It's difficult to give an objective review of this book. After two dozen books you get the impression Pratchett could rattle off this kind of thing in his sleep, but someone new to his style might find the Truth as new and refreshing as I found TCOM and TLF.
Seasoned Discworld fans will love the various cameos from the usual Ankh-Morpork crowd - e.g. the Wizards & CMOT Dibbler. Though someone new to Discworld probably wont understand the significance of an Igor working as a surgeon losing his lisp. The Watch is encountered during the reporter's investigation, and it's interesting to read about them in the third person rather than as the main characters of the book.
The most significant thing is that all these walk on parts give way to - hold the press - some new main characters! William de Worde the editor, Sacharissa Cripslock and a b-total Vampire Otto Chriek amongst others. Two new villains - Mr. Tulip and Mr. Pin - bear more than a passing resemblance to certain Pulp Fiction characters (but knowing his book will be read by children as well as adults Pratchett has -ing moderated his -ing language a bit). Oh yes, I know William de Worde isn't new, but I'd forgotten about him.
Pratchett includes his usual selection of philosophies on life. Principally how stupid people are in that they'll believe anything in print. Though I found de Worde's opinion on the injustice of the class system within the great city more than a little reminiscent of Vimes's beliefs - even to the point where he gets really angry towards the end of the book.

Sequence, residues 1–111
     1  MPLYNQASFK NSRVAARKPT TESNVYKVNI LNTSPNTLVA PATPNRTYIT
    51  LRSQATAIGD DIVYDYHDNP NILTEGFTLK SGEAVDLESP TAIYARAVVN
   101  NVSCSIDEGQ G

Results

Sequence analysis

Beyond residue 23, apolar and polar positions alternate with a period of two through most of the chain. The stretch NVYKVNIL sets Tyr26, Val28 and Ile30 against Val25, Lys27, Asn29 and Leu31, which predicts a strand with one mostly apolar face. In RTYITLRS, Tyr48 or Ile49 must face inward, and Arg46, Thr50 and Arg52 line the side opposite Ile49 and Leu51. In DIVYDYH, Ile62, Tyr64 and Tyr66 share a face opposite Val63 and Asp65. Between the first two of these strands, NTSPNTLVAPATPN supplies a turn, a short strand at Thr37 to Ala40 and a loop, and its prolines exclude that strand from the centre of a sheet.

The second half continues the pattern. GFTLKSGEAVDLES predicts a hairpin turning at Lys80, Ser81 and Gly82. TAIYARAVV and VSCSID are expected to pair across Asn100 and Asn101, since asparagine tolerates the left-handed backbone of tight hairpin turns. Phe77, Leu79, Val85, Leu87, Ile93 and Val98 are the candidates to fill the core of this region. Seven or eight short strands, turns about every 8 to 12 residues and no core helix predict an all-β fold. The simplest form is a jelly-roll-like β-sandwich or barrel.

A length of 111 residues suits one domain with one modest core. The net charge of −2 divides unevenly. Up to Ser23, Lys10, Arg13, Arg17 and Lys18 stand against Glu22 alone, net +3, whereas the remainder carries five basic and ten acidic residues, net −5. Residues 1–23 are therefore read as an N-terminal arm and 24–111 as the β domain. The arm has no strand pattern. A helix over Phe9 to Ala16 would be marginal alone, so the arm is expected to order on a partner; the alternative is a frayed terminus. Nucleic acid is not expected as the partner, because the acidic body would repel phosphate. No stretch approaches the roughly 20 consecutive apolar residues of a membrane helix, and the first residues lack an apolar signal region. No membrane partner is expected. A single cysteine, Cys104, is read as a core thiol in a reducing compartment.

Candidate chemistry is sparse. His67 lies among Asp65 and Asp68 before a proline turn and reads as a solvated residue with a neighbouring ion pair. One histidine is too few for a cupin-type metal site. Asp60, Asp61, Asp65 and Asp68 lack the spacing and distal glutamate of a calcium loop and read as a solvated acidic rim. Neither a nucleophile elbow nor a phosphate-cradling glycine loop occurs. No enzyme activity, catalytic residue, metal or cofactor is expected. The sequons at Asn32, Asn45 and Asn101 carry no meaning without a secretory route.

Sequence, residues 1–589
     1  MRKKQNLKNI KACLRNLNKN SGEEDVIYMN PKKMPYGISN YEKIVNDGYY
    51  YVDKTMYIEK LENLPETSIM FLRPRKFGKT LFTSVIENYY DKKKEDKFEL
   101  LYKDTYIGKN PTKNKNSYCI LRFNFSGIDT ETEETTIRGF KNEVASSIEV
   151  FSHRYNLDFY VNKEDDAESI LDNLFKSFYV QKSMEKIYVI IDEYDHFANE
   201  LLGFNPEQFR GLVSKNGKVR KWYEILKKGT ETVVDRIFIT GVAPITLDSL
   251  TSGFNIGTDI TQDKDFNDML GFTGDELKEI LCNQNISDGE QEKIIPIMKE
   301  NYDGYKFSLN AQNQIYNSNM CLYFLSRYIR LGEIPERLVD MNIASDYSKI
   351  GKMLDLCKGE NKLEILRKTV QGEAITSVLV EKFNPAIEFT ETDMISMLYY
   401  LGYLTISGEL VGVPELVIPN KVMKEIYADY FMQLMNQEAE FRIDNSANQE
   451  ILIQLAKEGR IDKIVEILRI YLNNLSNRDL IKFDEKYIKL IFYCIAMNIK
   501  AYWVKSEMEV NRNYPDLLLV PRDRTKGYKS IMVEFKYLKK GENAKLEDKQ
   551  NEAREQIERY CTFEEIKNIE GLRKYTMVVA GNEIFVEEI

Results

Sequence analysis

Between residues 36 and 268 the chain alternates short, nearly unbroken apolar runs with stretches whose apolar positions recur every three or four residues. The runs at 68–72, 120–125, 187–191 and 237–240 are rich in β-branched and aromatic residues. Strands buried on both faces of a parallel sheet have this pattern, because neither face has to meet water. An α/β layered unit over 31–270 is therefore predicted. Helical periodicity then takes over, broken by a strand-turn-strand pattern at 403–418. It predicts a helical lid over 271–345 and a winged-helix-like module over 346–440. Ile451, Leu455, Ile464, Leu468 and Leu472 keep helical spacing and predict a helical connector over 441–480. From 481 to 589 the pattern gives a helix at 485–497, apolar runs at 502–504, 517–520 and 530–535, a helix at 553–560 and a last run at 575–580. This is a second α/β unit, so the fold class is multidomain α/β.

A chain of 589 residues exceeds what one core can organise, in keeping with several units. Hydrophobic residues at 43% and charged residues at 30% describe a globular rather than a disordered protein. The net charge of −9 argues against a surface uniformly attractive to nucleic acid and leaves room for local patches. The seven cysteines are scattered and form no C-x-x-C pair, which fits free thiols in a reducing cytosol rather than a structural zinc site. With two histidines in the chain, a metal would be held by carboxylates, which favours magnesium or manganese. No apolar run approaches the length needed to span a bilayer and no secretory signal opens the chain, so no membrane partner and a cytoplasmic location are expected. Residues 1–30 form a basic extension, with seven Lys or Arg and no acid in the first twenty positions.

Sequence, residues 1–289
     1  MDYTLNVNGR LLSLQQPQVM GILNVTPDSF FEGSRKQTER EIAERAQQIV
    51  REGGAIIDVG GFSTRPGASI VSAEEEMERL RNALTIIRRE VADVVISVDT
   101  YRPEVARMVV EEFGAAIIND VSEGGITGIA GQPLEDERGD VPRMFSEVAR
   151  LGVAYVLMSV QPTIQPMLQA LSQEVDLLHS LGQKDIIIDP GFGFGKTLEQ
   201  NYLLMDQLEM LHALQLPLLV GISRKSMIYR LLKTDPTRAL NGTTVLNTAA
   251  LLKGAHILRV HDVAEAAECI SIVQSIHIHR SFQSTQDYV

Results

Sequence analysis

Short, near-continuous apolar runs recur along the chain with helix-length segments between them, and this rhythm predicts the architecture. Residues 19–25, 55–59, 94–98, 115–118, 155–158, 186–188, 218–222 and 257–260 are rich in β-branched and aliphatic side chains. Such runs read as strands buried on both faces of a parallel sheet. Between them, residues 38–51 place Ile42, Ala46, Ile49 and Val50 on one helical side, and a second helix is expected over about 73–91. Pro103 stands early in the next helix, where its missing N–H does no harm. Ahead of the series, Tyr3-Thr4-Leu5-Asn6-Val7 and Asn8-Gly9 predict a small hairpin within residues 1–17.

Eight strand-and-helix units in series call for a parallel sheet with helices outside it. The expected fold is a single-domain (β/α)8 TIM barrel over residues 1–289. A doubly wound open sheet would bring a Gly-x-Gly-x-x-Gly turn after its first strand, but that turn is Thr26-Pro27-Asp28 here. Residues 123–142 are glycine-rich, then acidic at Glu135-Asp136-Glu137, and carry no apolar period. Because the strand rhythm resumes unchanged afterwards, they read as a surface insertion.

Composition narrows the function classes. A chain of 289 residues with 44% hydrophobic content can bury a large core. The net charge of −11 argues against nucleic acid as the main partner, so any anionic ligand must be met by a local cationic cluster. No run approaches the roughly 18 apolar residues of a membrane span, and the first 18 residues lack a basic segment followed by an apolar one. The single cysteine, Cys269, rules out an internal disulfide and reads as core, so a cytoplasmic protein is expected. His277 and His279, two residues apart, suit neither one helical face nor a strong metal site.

Some non UK readers may not appreciate de Worde's use of the homeless people of Ankh-Morpork to sell the paper. This is a reference to Britain's 'The Big Issue', a weekly publication sold by the homeless in this country's larger cities.
In a rare burst of self-reference, there is a conversation between
William de Worde and the Patrician about Holy Wood and Music with
Rocks in, with the Patrician voicing his concerns that the printing press might be, for example, built at a place of occult significance.
The Truth is due for release in the UK in November. You can pre-order The Truth from Amazon.co.uk by following this link: 0385601026/87